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A young coed sat in her public speaking class, pondering their latest assignment. The students were told to prepare a "tribute speech" honoring someone who had been an unconditional support at some time in their lives. Then it came to her. One person had provided hope and love while promising that God would never give up on her. That person was a volunteer counselor at her local pregnancy help center. "She was my angel sent from God," the girl eventually told her class, "If she hadn't been there, I don't know what would have become of me … or my baby."

Each year, thousands of churches dedicate a Sunday in January as Sanctity of Human Life Sunday. We observe it in January to mark the 1973 Roe vs. Wade and Doe vs. Bolton Supreme Court decisions legalizing abortion at any stage of pregnancy. Since those rulings took effect, an average of 4,400 lives are lost daily to abortion in the United States. And as the boundaries for preserving life are removed, the door is left open to acts once considered unspeakable, such as euthanasia and physician-assisted suicide.

America's disrespect for life is escalating—and not just in slasher films. Over time, that will result in greater threats, not only to the unborn, but to the elderly, handicapped and infirm as well. Who will restore sanity to this debate? Who will be those "angels sent from God" who consider human life precious enough that they volunteer at a local pregnancy center? They are the teens in our homes and youth groups. They will stand in the gap. But only if someone gives them a reason to care. The Bible makes a strong case for the sanctity of all human life, from conception until natural death. Still, if teenagers fail to understand and internalize those truths, fragile pro-life convictions may crumble under the barrage of propaganda young people are sure to encounter in entertainment, the news media and on most college campuses. That's where we come in. We can present God's heart on the subject, straight from the pages of Scripture:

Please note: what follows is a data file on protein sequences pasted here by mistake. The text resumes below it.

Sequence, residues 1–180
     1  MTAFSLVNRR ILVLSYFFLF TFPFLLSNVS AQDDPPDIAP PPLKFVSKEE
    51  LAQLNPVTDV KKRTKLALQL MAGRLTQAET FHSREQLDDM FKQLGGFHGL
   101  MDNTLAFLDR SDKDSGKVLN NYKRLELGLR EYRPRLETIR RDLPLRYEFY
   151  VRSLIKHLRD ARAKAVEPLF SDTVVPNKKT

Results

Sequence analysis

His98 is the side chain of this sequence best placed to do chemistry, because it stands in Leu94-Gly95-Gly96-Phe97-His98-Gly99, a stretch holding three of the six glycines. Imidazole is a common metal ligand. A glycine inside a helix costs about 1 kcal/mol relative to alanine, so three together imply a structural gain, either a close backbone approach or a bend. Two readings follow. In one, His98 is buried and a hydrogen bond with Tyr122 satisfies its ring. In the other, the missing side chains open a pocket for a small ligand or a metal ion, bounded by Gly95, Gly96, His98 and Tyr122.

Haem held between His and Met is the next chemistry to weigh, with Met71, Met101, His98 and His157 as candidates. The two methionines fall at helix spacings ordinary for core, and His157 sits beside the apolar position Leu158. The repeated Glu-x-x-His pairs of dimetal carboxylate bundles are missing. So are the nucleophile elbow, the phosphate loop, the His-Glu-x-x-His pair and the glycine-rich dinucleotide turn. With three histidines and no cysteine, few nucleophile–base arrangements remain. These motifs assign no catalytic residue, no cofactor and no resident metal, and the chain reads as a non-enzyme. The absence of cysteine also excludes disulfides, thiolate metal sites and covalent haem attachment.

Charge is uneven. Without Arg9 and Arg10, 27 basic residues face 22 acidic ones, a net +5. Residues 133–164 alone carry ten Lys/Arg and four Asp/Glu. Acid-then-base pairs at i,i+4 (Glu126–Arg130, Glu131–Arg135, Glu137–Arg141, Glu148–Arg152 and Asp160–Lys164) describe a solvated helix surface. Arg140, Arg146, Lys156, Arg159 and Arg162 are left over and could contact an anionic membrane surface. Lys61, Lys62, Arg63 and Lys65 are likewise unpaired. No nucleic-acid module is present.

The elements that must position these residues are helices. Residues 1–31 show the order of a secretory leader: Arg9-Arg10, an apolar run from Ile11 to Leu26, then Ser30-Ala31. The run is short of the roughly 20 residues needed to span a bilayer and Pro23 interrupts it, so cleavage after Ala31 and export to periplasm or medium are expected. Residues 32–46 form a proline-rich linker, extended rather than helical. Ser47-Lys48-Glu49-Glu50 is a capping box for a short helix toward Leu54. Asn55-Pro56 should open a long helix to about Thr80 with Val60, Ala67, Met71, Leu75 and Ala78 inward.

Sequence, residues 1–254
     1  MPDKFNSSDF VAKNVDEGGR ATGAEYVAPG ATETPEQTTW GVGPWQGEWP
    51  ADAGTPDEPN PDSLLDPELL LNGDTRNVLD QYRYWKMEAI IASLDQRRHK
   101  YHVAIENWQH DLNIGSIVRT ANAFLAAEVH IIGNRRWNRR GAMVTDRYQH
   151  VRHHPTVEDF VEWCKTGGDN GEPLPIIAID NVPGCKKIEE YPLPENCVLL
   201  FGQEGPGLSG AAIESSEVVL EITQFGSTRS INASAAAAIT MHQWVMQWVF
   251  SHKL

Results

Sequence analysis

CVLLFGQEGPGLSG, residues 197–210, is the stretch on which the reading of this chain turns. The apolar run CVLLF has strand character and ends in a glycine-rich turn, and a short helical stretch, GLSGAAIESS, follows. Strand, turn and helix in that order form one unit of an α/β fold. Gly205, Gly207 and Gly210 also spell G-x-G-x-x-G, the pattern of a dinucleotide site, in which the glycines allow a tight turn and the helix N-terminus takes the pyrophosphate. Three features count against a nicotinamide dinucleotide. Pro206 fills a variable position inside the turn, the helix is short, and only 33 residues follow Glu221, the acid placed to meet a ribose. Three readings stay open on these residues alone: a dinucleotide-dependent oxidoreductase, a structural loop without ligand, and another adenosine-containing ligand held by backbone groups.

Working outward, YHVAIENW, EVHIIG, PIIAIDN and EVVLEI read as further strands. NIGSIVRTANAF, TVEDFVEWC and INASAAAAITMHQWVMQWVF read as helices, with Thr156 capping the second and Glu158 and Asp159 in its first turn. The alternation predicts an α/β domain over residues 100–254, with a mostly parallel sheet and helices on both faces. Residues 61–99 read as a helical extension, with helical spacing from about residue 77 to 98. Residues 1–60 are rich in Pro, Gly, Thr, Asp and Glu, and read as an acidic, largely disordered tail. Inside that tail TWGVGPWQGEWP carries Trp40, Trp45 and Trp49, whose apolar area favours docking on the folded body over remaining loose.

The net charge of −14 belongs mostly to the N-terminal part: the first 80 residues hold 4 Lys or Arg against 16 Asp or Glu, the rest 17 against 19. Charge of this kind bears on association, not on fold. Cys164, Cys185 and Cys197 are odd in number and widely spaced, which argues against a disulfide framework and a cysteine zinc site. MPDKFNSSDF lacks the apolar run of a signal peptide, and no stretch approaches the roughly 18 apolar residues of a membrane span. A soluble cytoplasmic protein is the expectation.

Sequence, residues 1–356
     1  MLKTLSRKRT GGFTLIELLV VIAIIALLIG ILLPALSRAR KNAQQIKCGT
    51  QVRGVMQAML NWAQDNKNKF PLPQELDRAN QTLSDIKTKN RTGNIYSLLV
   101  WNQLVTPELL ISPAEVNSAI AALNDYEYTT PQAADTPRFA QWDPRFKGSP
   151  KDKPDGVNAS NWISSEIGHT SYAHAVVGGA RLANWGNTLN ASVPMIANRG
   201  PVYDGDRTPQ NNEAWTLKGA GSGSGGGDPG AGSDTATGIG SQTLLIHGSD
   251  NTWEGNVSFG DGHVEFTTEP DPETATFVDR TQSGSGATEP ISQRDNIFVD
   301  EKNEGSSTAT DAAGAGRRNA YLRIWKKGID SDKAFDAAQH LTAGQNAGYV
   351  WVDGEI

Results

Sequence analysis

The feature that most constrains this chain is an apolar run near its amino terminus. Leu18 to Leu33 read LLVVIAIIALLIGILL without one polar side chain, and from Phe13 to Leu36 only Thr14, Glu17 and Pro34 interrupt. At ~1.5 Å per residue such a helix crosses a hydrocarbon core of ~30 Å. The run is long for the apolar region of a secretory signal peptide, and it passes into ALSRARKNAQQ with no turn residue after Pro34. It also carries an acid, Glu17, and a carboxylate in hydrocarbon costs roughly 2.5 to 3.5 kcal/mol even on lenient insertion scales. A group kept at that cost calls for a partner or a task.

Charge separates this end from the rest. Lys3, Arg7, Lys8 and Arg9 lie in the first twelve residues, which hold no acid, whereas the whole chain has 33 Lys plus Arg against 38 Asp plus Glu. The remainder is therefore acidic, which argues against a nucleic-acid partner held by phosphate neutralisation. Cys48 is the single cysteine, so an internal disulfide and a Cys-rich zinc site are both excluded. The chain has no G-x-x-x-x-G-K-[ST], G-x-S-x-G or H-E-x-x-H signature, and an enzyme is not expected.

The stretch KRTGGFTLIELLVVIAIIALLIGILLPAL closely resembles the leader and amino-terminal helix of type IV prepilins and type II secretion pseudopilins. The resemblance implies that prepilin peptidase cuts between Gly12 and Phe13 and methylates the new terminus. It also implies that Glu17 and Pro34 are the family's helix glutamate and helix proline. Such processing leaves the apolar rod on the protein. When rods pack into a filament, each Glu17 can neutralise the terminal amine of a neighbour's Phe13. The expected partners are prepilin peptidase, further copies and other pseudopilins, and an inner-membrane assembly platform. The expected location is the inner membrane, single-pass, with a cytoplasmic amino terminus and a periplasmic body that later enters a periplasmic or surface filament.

Life is sacred because God made it. It was created by God (Gen. 1:27, Col. 1:16). It is protected by God (Job 10:12, Ps. 91:11). And it is valued by God (Isa. 49:16, Jer. 31:3, John 10:10). Since we are created in His image, we are all image-bearers possessing moral instinct, reason, creativity and inherent worth.

Life is sacred, regardless of its condition. Life isn't always easy, convenient or pain-free. God realizes that, and promises to guide us through trials if we look to Him instead of taking matters into our own hands (1 Pet. 5:7, James. 1:2, John. 16:33). How should we treat people with severe challenges? Jesus showed special concern for blind, lame, leprous individuals—and told His disciples to do likewise (Matt. 25:40).

Life is sacred because it is eternal. Most teenagers don't realize that life exists before we enter this material world (Psalm 139:15-16). There is also life at "new birth" (John 3:3). And since earthly life is a prelude to eternity, it should not be taken lightly (1 John 5:13, John 14:2). After all, despite what many Eastern religions teach, we only go around once (Heb. 9:27).

In God's eyes, we are priceless. All of us. That includes the child with Down syndrome, the senior suffering from Alzheimer's, the unwed mother and the baby growing inside of her. Increasingly, our society calculates human worth by determining whether people are assets or liabilities. A pillar of the community or a drain on the system. That's not for us to decide. Isaiah 55:9 states, "My thoughts are higher than your thoughts, and My ways than your ways." Take time to talk with children—tomorrow's voice of reason—about His ways.

Focus on the Family assists individuals, families and local pregnancy centers in defense of the unborn. To learn how, visit

Published January 2000